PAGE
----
Sally Kristen Ride (born May 26, 1951) is an American physicist and a former NASA astronaut. Ride joined NASA in 1978, and in 1983 became the first American woman—and then-youngest American, at 32—to enter space. In 1987 she left NASA to work at Stanford University's Center for International Security and Arms Control.
Dr. Ride has received numerous honors and awards. She has been inducted into the National Women's Hall of Fame and the Astronaut Hall of Fame, and has received the Jefferson Award for Public Service, the von Braun Award, the Lindbergh Eagle, and the NCAA’s Theodore Roosevelt Award. She has also twice been awarded the NASA Space Flight Medal.
Getting students to see scientists as normal people who work in places besides laboratories is one of the goals of the Sally Ride Science Academy.
"The experience of being in space didn't change my perspective of myself or of the planet or of life," she declares. "I had no spiritual experience."
Well, we spend an awful lot of our time working and doing experiments. It's very busy up on the shuttle. But when I wasn't working, I was usually at a window looking down at Earth.
Her historic journey was preceded almost 20 years to the day by cosmonaut Valentina V. Tereshkova of the Soviet Union, who on June 16, 1963, became the first woman ever to travel into space.
When the first female NASA astronaut blasted off into space on June 18, 1983, her rocket burned a path to the stars that showed women could have the Right Stuff, too.
“In an instant, little girls learned that even the sky wasn't the limit,” Ride’s NASA bio says.
She made it clear that she wore the ID of scientist/astronaut, not the badge of a feminist space jockette or symbol of women's progress.
After graduating from high school in 1968, Ride enrolled in the physics program at Swarthmore College, in Swarthmore, Pennsylvania. However, she continued to devote a large amount of time and energy to tennis and soon left college to work on her game full time. Tennis pro Billie Jean King (1943–) told Ride she had the talent to pursue a professional career in tennis.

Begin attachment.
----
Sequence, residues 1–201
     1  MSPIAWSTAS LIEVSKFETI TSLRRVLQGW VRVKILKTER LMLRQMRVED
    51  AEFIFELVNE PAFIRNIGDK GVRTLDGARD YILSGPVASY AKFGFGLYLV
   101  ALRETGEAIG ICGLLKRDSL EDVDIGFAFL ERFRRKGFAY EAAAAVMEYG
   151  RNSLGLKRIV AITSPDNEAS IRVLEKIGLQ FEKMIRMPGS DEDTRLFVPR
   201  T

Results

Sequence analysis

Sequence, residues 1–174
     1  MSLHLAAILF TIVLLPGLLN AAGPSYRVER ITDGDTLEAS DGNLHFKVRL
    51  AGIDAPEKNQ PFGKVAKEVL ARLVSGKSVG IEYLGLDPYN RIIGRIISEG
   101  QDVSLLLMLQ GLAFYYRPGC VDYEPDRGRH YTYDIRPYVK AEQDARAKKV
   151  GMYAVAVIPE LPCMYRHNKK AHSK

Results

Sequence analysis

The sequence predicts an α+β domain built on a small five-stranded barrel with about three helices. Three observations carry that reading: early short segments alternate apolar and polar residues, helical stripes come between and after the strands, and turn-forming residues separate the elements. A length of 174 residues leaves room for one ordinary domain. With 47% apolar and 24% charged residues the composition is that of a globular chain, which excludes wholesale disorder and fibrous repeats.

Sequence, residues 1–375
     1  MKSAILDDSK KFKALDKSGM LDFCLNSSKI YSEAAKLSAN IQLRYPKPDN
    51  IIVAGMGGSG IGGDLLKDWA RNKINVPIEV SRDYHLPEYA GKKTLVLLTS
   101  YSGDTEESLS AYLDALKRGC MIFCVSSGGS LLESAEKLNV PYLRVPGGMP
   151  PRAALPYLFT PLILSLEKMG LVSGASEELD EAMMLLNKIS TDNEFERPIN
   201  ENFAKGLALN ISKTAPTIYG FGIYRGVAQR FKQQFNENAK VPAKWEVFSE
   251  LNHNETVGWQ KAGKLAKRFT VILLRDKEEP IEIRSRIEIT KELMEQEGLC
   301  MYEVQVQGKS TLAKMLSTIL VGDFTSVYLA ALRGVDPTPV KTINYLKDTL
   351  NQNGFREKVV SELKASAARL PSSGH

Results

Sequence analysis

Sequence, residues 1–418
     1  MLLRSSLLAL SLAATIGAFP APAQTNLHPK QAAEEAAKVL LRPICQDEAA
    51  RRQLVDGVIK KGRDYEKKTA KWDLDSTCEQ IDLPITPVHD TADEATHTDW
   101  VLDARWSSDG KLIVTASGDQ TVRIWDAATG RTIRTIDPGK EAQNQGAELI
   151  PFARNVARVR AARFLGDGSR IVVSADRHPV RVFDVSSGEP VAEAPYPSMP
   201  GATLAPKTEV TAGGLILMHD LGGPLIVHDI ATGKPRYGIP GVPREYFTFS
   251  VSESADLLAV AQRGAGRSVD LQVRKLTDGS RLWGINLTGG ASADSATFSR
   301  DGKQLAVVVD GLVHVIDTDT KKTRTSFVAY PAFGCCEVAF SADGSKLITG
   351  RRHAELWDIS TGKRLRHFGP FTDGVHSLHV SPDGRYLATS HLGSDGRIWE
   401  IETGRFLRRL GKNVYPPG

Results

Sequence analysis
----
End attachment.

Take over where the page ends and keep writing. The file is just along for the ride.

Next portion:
Dr. Ride was selected as an astronaut candidate by NASA in January 1978. In August 1979, she completed a 1-year training and evaluation period, making her eligible for assignment as a mission specialist on future Space Shuttle flight crews. She subsequently performed as an on-orbit capsule communicator (CAPCOM) on the STS-2 and STS-3 missions.
President Reagan said that Ride's flight was ''another example of the great strides women have made in our country.''
Over the course of the six-day mission, the crew used the robot arm in space for the first time, retrieving one satellite from orbit and releasing another.
Yes, I did feel a special responsibility to be the first American woman in space. I felt very honored, and I knew that people would be watching very closely, and I felt it was very, very important that I do a good job.
Ride applied and was selected for space flight training in 1978. She was one of only thirty-five chosen from eight thousand applicants. As part of her training, Ride had to study basic science and math, meteorology (weather and climate), guidance, navigation, and computers.
On June 18, Ride became the first American woman in space aboard the space shuttle Challenger.
I had never flown anything, not a thing. I had flown in very large airplanes, but I had never flown anything.